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The man behind NASA's first manned space flights wants astronauts back on the moon

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NASA has big plans for its future space travel, but one of the agency's earliest luminaries thinks it's on exactly the wrong track. The Houston Chronicle has interviewed Chris Kraft, NASA's first flight director and the man who oversaw its first human spaceflight, first human orbital flight, and first spacewalk, as well as the director of flight operations for the Apollo program. Now, his outlook for the agency is far from sunny. While NASA is working on plans for a manned Mars mission and an asteroid-capturing venture, Kraft thinks it should be focused on the one place it's said it's not sending humans back to: the moon.

"There's no practical reason for going to Mars."

"Congress is already saying what NASA is doing is wrong," Kraft says. "They're saying they don't like the asteroid mission. Most in Congress want to see NASA go back to the moon. So do nearly all of the scientific and technical organizations in the world." While he sees the value of a robotic Mars mission, he thinks the red planet is of secondary importance. "There's no practical reason for going to Mars. But there is a practical reason for going to the moon. And furthermore, if you really want to go somewhere, get out of this solar system."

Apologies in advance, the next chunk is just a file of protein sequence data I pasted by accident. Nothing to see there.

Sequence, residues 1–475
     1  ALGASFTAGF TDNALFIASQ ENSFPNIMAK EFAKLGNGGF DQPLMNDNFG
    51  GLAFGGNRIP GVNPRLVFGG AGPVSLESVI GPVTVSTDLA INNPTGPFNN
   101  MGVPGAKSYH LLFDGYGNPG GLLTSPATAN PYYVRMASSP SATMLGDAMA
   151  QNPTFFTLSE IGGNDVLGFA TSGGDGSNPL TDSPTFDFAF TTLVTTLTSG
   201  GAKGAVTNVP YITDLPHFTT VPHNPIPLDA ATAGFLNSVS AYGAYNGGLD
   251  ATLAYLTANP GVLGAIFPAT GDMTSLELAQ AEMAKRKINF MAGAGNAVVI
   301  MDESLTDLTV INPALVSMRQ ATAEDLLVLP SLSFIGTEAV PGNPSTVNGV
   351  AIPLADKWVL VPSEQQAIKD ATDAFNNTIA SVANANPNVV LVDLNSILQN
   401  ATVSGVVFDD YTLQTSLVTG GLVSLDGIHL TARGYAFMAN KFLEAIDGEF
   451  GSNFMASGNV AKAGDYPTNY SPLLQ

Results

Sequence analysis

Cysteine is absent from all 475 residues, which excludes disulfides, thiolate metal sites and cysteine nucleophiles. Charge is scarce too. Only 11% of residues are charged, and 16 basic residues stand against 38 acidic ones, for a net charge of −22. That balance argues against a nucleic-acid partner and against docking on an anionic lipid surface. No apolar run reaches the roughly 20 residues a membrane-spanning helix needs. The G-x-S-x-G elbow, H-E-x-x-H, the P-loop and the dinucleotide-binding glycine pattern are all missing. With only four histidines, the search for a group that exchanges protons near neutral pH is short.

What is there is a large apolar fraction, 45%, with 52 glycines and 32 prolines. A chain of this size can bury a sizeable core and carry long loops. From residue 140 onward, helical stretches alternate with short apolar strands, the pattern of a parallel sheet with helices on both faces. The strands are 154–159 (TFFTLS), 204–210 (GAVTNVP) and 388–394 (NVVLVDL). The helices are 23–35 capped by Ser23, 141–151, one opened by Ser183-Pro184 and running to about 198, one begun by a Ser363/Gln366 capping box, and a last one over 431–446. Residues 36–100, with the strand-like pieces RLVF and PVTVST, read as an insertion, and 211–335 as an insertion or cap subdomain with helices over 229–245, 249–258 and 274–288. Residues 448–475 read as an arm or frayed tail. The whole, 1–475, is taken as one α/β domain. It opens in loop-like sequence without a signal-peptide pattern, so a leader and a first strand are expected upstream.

Why would the moon be more valuable than breaking new ground on an asteroid or planet? Kraft thinks the moon has more practical uses, given its proximity to Earth. "There's no reason why you couldn't set up a factory on the moon to build solar panels. You could provide enough electrical power on the moon from solar cells, and eventually you could supply enough power for half the people on Earth with a solar cell farm on the moon." Space-based solar power has indeed been a long-running topic of study, but so far, it remains a firmly speculative venture.

While Kraft expands much more on his ideas in the interview above, he's generally skeptical of NASA's direction, including its work on a hyper-powerful Space Launch System and discounting of existing technology: "It's a tragedy. It really is." He also apparently isn't a fan of some of NASA's irreverent publicity campaigns, laying into the students behind the "Johnson Style" Psy parody above. "I said look, 'You just spent all of this effort to make a movie, how about spending all of that effort in making a space program go?'" he says. "'Give me your body and mind and work on those kinds of things. I thought the video was beautiful, but that's not why you're here.'"